5 Easy Tips To Reduce Your PG&E Bill
The average U.S. household spends a minimum of $2,200 on utility bills annually – a substantial amount of money. Other factors that you may or may not be aware of can also cause your energy bills to go even higher during certain months of the year.
PG&E bill too high?
Here are the usual culprits that cause high household power usage and crazy high energy bills which you should know about:
Using old appliances
Old appliances or those sold before 1997 do not have Energy Star ratings and, as such, are huge energy suckers. Old appliances use more energy than new energy-efficient models.
You may be hesitant to replace them because they look great or because they are still functional. However, continuing to use these appliances means you are driving your electric bill through the roof.
Leaving your devices on standby mode
Leaving your appliances or electronics plugged, especially if you’re not using them, is one of the big factors that cause huge electric bills. This is because most modern devices never really power down.
Whenever you press the “Power” button on an appliance, it transitions to a standby mode so it can be turned back on faster for continued use, or to carry out a scheduled task, like recording a TV show.
However, even if these devices are sitting idle, they are still sucking electricity while waiting for your next command or for a scheduled task to run.
Incorrect use of lights
Many homeowners make the mistake of using lights to affect the brightness of an entire room which leads to high electric bills.
However, lighting is only efficient when they are used to provide direct light to particular areas of a room, such as chairs, kitchen tables, and workspaces.
In addition, you will also have higher bills if you keep leaving the lights on when nobody’s using them.
When temperatures get too hot or too cold, your heating or cooling equipment will run longer and at maximum capacity and, as such, will use more electricity.
To keep your home comfortable, your HVAC system will have to work hard, and this means it will require more energy.
In extreme weather conditions, you will often find your energy bills higher than usual.
Poor insulation and leaks
Air leaks from wall cracks, doors and windows promote energy loss. If you have poor insulation, your HVAC system will also work harder to keep cool air inside your home during summer and hot air in when it’s winter.
This, of course, translates to higher electricity bills.
Reducing Your Energy Bills
You can lower your monthly PG&E bills by following these 5 tips:
1. Out With The Old Appliances, In With The New!
You can start by getting a new energy-efficient refrigerator since these models use about four times less electricity than the older ones.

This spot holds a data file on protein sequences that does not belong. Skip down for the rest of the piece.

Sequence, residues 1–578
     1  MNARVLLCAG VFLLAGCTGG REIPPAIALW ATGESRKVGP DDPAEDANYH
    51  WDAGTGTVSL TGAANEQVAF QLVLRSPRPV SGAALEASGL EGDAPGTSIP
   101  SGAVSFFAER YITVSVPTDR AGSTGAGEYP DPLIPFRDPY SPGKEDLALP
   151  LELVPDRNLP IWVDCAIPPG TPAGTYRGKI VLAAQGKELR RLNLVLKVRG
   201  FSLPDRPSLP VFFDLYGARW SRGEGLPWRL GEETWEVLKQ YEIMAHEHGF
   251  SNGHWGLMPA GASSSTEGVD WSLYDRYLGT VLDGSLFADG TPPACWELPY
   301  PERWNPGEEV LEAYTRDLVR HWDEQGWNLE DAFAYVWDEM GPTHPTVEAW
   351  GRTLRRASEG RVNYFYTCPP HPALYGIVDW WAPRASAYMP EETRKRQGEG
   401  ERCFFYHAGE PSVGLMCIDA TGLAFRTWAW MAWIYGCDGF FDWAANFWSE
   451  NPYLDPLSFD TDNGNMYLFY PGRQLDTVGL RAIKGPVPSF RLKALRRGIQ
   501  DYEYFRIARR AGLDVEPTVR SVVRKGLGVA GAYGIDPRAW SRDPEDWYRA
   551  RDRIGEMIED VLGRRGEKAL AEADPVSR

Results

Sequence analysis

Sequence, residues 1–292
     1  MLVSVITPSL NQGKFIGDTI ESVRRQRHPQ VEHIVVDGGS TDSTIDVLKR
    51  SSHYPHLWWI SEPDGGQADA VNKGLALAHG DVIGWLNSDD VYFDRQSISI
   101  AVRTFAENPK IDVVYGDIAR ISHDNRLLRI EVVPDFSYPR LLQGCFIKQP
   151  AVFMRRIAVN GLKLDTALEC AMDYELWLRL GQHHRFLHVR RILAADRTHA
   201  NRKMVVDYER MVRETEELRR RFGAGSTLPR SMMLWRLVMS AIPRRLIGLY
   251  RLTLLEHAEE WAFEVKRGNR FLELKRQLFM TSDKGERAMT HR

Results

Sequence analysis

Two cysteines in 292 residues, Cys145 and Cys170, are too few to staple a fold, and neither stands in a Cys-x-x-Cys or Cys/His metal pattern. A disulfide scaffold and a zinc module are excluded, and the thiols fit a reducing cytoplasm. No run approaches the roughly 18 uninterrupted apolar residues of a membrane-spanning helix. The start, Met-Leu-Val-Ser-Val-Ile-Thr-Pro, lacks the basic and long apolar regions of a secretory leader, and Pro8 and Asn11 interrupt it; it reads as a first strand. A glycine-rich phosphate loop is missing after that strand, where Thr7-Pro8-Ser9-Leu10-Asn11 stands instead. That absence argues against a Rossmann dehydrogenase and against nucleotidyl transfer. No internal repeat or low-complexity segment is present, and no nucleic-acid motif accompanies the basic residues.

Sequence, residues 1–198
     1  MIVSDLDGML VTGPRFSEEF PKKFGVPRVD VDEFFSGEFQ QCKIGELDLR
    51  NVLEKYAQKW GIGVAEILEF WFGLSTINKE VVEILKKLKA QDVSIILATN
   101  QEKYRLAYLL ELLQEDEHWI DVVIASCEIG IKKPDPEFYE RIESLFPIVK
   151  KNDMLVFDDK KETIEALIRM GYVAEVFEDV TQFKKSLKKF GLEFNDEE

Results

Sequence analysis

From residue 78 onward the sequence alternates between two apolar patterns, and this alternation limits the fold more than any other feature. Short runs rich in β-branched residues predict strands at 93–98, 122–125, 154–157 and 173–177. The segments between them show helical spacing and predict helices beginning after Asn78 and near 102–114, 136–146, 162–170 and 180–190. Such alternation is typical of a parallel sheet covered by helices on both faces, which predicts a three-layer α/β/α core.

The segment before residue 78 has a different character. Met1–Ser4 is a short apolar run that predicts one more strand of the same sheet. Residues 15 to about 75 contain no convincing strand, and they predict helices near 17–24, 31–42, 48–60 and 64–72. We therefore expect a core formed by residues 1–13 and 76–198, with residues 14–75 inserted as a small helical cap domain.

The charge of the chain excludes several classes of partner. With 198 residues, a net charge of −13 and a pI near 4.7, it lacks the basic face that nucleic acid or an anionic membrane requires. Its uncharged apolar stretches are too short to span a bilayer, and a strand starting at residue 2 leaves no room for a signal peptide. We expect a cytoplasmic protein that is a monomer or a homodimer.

2. Unplug All Your Electronic Devices & Appliances When Not In Use
These include any mobile devices which you are charging; unplug them once they are fully charged. You can also connect your devices to power strips and turn off the power strips when you’re not using them.
This way, you won’t have to unplug all your appliances and equipment one by one. At the same time, you can be sure that “off” really means “off” since the power strips disconnect the device from the power source.
3. Only Use Lighting While In Use
Make sure to turn off lights when they are not in use.
If you’re still using incandescent light bulbs, switch to LED light bulbs since they are more energy-efficient and can last for several years.
4. Regularly Maintain Your HVAC Equipment
You can improve your HVAC system’s energy efficiency and minimize problems by scheduling regular maintenance services.
One of the best HVAC efficiency tips you must always remember is to have a technician inspect your system and clean some key parts or components at least once a year.
5. Sealed & Insulate Your Home Properly
Inspect your doors and windows and look for breaches or cracks in your exterior walls that can let air draft in your home at least once a year. If there are gaps or cracks, use fresh sealants to cover or fix them.
Also, take the time to check your attic insulation. If you can see the attic’s floor joists above the insulation, you will need to have some supplemental material installed.
You can also consider investing in new insulation materials to make your attic and your home more energy-efficient.
You don’t have to keep being surprised by (and frustrated with) your electricity bills every time you receive them.
By being vigilant and following useful energy-saving tips, you can effectively lower your monthly electricity consumption and save some money.